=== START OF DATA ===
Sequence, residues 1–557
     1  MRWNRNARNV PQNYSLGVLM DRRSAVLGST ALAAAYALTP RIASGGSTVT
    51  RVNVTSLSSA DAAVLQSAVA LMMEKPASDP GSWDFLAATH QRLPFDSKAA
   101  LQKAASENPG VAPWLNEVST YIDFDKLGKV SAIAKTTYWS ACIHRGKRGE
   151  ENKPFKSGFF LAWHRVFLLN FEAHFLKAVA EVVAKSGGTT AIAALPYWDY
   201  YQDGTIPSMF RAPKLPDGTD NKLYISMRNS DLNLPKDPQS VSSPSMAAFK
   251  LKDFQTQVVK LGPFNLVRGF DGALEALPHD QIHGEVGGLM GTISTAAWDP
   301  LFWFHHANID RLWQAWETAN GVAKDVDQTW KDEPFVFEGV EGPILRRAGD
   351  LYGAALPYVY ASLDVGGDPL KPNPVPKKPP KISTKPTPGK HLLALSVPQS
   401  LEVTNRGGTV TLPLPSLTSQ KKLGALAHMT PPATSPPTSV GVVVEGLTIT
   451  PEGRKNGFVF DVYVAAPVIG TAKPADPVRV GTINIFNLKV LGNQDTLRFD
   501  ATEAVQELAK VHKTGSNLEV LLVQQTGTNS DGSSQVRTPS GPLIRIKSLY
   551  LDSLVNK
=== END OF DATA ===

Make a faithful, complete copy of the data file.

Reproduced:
Sequence, residues 1–557
     1  MRWNRNARNV PQNYSLGVLM DRRSAVLGST ALAAAYALTP RIASGGSTVT
    51  RVNVTSLSSA DAAVLQSAVA LMMEKPASDP GSWDFLAATH QRLPFDSKAA
   101  LQKAASENPG VAPWLNEVST YIDFDKLGKV SAIAKTTYWS ACIHRGKRGE
   151  ENKPFKSGFF LAWHRVFLLN FEAHFLKAVA EVVAKSGGTT AIAALPYWDY
   201  YQDGTIPSMF RAPKLPDGTD NKLYISMRNS DLNLPKDPQS VSSPSMAAFK
   251  LKDFQTQVVK LGPFNLVRGF DGALEALPHD QIHGEVGGLM GTISTAAWDP
   301  LFWFHHANID RLWQAWETAN GVAKDVDQTW KDEPFVFEGV EGPILRRAGD
   351  LYGAALPYVY ASLDVGGDPL KPNPVPKKPP KISTKPTPGK HLLALSVPQS
   401  LEVTNRGGTV TLPLPSLTSQ KKLGALAHMT PPATSPPTSV GVVVEGLTIT
   451  PEGRKNGFVF DVYVAAPVIG TAKPADPVRV GTINIFNLKV LGNQDTLRFD
   501  ATEAVQELAK VHKTGSNLEV LLVQQTGTNS DGSSQVRTPS GPLIRIKSLY
   551  LDSLVNK